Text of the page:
Materials. The HER-2/neu–transfected MCF-7 cell line, MCF/18, was supplied by Genentech, Inc. Human breast cancer cell line BT-474 was obtained from the American Type Tissue Culture Collection. INCB3619 was a gift from Incyte Corporation. The HER-2/neu ELISA kit was a gift from Oncogene Science. The HER-2/neu ELISA is a sandwich enzyme immunoassay that uses a mouse monoclonal antibody for capture and a different biotinylated mouse monoclonal antibody that specifically detects the extracellular domain of human HER-2/neu protein. GW2974, the dual lapatinib-like inhibitor of EGFR and HER-2/neu, was produced by GlaxoSmithKline and purchased from Sigma Aldrich. Lapatinib used for animal studies was synthesized by the Incyte Chemistry Department.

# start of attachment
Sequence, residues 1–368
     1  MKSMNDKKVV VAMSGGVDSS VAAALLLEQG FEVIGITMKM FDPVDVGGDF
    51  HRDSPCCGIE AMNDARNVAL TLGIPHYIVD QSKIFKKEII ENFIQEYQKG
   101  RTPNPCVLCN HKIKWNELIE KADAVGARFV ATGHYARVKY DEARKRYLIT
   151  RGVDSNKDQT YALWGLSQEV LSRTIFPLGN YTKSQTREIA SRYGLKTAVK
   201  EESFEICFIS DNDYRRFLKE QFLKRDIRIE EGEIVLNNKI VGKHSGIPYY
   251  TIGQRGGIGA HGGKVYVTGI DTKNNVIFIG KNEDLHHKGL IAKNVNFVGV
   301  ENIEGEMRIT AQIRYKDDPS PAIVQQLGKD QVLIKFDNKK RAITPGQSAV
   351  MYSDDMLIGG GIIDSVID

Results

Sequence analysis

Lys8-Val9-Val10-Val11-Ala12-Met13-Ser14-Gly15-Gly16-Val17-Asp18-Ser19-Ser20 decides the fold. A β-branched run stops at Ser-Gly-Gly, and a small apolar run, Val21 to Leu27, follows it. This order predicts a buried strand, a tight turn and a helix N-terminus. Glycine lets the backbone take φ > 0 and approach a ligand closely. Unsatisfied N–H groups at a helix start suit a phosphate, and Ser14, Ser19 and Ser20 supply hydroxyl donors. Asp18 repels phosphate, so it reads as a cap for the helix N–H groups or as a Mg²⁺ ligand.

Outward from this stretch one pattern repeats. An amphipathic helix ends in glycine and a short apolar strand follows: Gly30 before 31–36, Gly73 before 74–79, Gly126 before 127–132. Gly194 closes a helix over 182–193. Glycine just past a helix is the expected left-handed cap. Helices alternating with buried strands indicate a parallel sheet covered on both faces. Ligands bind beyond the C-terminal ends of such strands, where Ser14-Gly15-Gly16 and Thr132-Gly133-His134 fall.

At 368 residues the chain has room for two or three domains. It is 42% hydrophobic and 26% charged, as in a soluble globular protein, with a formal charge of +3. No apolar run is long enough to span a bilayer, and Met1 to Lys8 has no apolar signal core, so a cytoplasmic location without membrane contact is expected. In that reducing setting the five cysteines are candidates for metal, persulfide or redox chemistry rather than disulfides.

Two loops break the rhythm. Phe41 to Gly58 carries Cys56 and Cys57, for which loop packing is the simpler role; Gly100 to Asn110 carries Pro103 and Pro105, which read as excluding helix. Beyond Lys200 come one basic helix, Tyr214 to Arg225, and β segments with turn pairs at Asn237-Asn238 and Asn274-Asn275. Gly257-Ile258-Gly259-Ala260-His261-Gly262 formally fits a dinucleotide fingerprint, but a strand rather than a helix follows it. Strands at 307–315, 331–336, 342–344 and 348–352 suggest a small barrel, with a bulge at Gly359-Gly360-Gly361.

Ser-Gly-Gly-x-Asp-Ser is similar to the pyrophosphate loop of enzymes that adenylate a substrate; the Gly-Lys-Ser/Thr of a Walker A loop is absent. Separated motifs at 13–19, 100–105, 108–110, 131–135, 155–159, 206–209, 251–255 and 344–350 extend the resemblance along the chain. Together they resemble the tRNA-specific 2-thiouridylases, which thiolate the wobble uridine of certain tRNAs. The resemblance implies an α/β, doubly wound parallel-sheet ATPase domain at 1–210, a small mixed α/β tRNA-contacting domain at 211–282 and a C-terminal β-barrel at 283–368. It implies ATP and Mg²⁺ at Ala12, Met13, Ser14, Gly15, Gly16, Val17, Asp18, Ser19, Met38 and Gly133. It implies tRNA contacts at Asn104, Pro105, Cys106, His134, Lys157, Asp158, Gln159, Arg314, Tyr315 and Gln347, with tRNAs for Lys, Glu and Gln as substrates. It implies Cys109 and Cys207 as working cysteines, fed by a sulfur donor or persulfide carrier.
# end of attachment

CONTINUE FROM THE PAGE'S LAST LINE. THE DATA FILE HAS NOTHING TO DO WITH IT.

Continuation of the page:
Cell growth experiments. The MCF-7 cells were grown in high glucose DMEM and MCF/18 cells were maintained in a 50:50 mix of Ham's medium and high glucose DMEM supplemented with l-glutamine. Both cell lines were supplemented with 10% fetal bovine serum and maintained in 5% CO2 at 37°C. G418 was added to the MCF/18 cell medium to support continued transfection. Cells were plated in 24-well plates at 20,000 per well and incubated overnight to allow attachment. Cells were treated with various concentrations of INCB3619 (0.25–40 μmol/L) and/or GW2974 (0.025–1 μmol/L). As a control, cells were treated with corresponding concentrations of DMSO, the solvent for both agents. The cells were incubated for an additional 3 d, and the cell number was determined using the 3-(4,5-dimethylthiazol-2-yl)-2,5-diphenyltetrazolium bromide assay. Each single dose and combination was done in triplicate in each assay. Percent of control was normalized to control (untreated) cells (100% growth).
Statistical analysis. Synergism of the growth-inhibitory effects was determined using Biosoft CalcuSyn software. This program calculated the combination index (CI) equation based on the equation of Chou-Talalay ( 24, 25).